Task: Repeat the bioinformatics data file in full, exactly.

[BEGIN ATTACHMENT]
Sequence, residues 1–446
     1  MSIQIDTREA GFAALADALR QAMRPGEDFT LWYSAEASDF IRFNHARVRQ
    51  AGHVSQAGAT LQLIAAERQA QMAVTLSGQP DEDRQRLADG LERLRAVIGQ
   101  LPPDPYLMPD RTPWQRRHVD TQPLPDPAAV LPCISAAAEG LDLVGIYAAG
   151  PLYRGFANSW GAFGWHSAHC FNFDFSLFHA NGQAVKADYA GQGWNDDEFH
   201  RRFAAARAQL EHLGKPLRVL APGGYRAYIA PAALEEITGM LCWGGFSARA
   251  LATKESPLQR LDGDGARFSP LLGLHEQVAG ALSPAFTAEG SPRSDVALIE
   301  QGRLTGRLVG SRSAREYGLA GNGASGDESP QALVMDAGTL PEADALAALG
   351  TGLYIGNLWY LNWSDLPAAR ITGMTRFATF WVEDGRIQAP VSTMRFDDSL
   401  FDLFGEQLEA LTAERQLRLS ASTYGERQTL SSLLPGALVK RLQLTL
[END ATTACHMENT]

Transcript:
Sequence, residues 1–446
     1  MSIQIDTREA GFAALADALR QAMRPGEDFT LWYSAEASDF IRFNHARVRQ
    51  AGHVSQAGAT LQLIAAERQA QMAVTLSGQP DEDRQRLADG LERLRAVIGQ
   101  LPPDPYLMPD RTPWQRRHVD TQPLPDPAAV LPCISAAAEG LDLVGIYAAG
   151  PLYRGFANSW GAFGWHSAHC FNFDFSLFHA NGQAVKADYA GQGWNDDEFH
   201  RRFAAARAQL EHLGKPLRVL APGGYRAYIA PAALEEITGM LCWGGFSARA
   251  LATKESPLQR LDGDGARFSP LLGLHEQVAG ALSPAFTAEG SPRSDVALIE
   301  QGRLTGRLVG SRSAREYGLA GNGASGDESP QALVMDAGTL PEADALAALG
   351  TGLYIGNLWY LNWSDLPAAR ITGMTRFATF WVEDGRIQAP VSTMRFDDSL
   401  FDLFGEQLEA LTAERQLRLS ASTYGERQTL SSLLPGALVK RLQLTL